PhD Student, Department of Political Science, McGill University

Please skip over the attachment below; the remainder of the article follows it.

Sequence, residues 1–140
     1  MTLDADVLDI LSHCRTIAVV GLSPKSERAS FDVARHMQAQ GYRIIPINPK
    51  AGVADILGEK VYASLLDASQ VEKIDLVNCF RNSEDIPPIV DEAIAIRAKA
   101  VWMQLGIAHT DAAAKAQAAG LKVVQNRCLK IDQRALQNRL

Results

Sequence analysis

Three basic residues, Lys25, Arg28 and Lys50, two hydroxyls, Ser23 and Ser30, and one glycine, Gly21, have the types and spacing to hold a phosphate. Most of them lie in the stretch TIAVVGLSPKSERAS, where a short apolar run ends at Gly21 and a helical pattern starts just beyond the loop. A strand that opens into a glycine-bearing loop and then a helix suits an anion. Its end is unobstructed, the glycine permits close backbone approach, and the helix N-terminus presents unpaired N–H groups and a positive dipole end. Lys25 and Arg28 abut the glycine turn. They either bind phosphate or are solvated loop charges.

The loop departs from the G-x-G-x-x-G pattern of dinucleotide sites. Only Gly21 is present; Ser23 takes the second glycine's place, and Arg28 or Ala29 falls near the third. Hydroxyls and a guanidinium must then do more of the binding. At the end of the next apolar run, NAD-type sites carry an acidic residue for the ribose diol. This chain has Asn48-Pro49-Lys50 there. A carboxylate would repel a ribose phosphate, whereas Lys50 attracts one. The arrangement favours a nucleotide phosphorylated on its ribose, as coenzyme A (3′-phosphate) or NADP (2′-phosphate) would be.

This paper provides a brief review of the literature on the link between humanitarian and development approaches to durable solutions for refugees. By shedding light on the meaning, scope, and timing of durable solutions; strengths and shortcomings of traditional durable solutions; the emergence of alternative solutions; intersectional approaches to durable solutions; and the roles of international organizations, non-governmental organizations, as well as refugees themselves in the pursuit of durable solutions as they relate to the humanitarian-development nexus, the paper aims at examining the gaps in the literature and avenues for future studies and policies. The paper has three main findings. First, while the literature on the humanitarian-development nexus as it relates to durable solutions has received remarkable interest from scholars and policymakers, the links between the humanitarian approach to emergencies, durable solutions for refugees, and development lenses on the solutions are not always clearly examined in the literature. Second, the extensive literature on the durable solutions to displacement appears to focus mostly on experiences of flight and displacement and remains limited in exploring the struggle for solutions. Finally, most of the work on durable solutions studies solutions in the Global North, which is the destination only for a small proportion of refugee populations, rendering the focus on the pursuit of solutions within the Global South limited. There is a need for a deeper understanding of which “solutions” work in which contexts, recognizing the difficulty of reaching general conclusions about processes that are shaped by context-specific histories, cultures, socioeconomic conditions and experiences. It is also important to articulate the gap between refugees’ everyday practices and the policies of international organizations that contribute to solutions, the meaning of achieving a solution, and the perspectives that guide the conversation on the humanitarian-development nexus as it relates to durable solutions for refugees. The fundamental questions like solutions for who, by whom, how, and when deserve more attention, especially within the context of the Global South.